You can do your own research and find out also, quite frankly its easy to find information. Then again, Nigerians dont like it when the "facts" interfere with their beliefs.

Also, to say that all of Nigeria's ethnic groups have members that are successful is quite apart from saying they are all equally successful. The Hausa Fulani are the most backwards ethnic group in the country, but quite in line with their legitimate countrymen in Niger.

Omodudu said...

came back to see how things were going. kinda dissapointed that the exchange did not continue beyond this point. Kwenu where you at?

Femme said...

the problem with commenting on marginalization in Nigerian is there isn't any way to escape being prejudiced.
i find I'm a bit shaken by catwalq's comments, but then again its only typical.
my problem with the igbos resides solely with the igbos who don't reside in their traditional homes. i don't know how to explain the fact that they seem to be the only tribes in Nigeria content to mingle, learn the languages of their new homes. their girls are more prone to marry outside the tribe than any other, this would be okay if other tribes did this too. went to a blog where the host was complaining about the last census and his inabilty to run theoritically for office in benin becos he's an igbo guy but feels more benin than igbo.
on paper this sounds nice but a Benin guy doesn't want to be king in your own village. a Benin guy living in owerri would probably speak his own language, still look for Benin friends and this goes for most other tribes.this is the same benin where daisy danjuma after marriage became senator. she could have tried to run in her husbands place.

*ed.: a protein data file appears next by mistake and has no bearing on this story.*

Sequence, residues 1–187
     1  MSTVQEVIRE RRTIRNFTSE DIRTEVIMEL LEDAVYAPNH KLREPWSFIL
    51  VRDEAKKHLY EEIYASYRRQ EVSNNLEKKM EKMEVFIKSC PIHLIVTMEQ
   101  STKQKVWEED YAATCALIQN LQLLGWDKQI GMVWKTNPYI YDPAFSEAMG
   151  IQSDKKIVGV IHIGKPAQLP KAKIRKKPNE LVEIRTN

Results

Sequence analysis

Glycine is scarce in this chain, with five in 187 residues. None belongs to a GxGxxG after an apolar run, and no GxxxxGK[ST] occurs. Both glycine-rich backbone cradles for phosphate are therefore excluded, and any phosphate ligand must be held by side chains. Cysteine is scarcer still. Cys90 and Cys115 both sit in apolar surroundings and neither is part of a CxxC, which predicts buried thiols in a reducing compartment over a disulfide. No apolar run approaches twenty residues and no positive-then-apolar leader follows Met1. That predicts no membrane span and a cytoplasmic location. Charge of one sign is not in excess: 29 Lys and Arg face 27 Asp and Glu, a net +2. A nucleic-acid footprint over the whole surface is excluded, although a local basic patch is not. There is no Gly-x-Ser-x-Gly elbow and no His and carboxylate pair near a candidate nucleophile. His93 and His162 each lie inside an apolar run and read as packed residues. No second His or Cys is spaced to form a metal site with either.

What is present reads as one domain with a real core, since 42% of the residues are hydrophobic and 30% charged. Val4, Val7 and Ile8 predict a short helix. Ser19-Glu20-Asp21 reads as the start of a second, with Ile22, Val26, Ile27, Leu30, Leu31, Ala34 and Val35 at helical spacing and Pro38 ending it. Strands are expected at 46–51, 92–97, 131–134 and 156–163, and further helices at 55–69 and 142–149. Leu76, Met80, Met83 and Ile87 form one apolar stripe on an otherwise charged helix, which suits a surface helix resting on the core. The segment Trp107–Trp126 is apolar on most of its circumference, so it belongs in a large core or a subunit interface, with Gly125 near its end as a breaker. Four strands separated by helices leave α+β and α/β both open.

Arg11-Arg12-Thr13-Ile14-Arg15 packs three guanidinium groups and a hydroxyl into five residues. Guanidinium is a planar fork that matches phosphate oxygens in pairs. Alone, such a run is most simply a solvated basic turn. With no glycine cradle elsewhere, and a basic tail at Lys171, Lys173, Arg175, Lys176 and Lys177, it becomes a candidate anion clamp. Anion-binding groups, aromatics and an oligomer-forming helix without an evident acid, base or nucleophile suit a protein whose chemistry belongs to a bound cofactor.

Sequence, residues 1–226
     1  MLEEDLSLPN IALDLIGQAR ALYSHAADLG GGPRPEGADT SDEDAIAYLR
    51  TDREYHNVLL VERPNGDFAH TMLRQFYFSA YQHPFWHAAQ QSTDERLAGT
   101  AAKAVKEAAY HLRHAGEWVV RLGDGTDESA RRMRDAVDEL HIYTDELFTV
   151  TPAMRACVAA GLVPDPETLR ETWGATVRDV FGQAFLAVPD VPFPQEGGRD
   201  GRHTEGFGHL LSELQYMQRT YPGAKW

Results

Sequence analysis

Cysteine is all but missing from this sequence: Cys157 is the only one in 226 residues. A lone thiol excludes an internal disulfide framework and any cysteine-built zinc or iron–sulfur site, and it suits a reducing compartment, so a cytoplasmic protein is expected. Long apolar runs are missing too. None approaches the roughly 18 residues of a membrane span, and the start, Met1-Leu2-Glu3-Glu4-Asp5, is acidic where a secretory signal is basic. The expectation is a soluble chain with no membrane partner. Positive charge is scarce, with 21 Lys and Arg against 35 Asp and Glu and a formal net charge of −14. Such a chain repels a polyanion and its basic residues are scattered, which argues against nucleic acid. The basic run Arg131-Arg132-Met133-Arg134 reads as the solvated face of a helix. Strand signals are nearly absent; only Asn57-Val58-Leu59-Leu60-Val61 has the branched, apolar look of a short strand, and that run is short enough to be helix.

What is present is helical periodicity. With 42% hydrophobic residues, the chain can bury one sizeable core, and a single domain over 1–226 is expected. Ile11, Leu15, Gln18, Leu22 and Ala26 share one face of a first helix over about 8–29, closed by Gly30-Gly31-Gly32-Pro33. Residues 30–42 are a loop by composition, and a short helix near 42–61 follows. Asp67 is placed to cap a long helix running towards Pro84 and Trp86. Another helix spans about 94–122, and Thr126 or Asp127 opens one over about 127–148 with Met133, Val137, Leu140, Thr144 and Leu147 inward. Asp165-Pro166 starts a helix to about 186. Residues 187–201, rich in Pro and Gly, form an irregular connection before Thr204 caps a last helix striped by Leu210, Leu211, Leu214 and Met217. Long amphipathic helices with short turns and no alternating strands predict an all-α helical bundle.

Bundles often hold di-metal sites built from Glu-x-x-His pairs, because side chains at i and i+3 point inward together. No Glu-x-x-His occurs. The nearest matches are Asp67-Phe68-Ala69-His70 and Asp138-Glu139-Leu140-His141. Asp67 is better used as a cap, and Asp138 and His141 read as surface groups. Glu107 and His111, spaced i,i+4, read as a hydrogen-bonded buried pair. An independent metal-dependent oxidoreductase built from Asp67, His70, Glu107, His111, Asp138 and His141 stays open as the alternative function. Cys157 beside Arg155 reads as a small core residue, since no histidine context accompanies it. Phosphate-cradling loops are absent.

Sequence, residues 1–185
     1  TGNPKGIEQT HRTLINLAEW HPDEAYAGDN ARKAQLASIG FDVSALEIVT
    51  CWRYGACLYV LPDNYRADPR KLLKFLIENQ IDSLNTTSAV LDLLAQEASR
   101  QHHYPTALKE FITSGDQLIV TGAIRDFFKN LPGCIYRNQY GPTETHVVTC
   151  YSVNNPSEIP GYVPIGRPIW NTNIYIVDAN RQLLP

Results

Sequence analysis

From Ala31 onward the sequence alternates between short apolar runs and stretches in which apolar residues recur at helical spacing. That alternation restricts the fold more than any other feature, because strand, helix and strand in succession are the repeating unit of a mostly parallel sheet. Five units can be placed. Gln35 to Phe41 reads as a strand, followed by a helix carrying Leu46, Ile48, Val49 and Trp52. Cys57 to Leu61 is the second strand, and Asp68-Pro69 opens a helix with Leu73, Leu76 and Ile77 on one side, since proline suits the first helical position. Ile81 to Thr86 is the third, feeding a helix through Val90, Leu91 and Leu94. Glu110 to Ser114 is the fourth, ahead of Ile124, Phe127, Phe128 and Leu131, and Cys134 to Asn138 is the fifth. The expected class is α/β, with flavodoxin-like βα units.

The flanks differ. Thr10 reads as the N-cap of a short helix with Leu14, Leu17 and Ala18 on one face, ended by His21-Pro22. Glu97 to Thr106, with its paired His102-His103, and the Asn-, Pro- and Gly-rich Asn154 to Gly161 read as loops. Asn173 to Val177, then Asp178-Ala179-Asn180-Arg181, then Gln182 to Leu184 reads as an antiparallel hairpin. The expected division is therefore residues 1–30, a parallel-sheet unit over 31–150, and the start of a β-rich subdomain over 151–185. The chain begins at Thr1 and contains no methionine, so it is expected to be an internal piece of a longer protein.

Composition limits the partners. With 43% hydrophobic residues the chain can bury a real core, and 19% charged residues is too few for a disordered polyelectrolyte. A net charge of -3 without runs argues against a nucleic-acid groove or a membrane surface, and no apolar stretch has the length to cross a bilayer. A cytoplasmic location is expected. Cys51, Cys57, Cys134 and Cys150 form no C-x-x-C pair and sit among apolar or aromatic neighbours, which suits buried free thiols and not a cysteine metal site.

i don't think that the igbo people still look up to ojukwu but calling him senile is a bit extreme.
any one who says the igbo youths are content being Nigerian must be talking about igbo youths in Lagos especially i know cos i left lagos to school in the east.
has any one ever bothered to find out why aba boys make substandard goods? anybody in the manufacturing industry(an industry that almost doesn't exist) knows that sourcing credible materials is almost impossible. these people are trying to feed their families and u forget that people buy because its all they can afford.
recently my dad stoped for a drink at a kiosk in lagos and orderd a soda, as the woman opened it his phone rang and he began to speak in igbo, can u believe she snatched the drink out of his hands and asked him to get out. he said he was so mad he really could have killed her. all day he sat looking at his gun shot wound from the war wondering what could have been.
it was a sad day for him cos he thought there was still hope.
i admit to being prejudiced via my dads iinfluence but growing up in lagos i got my own experiences i never expected. hearing 'omo igbo oshi' can only be likened to how black Americans feel when they are called the n fact the n word has no hold on me because it means nothing to me.
personally i find if i talk about the biafran war i'd rather talk about it with the child of a hausa man to understand their own take in the whole matter than with a yoruba person because i really think they don't know whats really happening.
actually, many people don't know.
i hope and pray it never comes down to a war again, infact i don't think the igbos will go down that road again.(oso abiola showed this clearly -if u don't know what this find someone to explain it)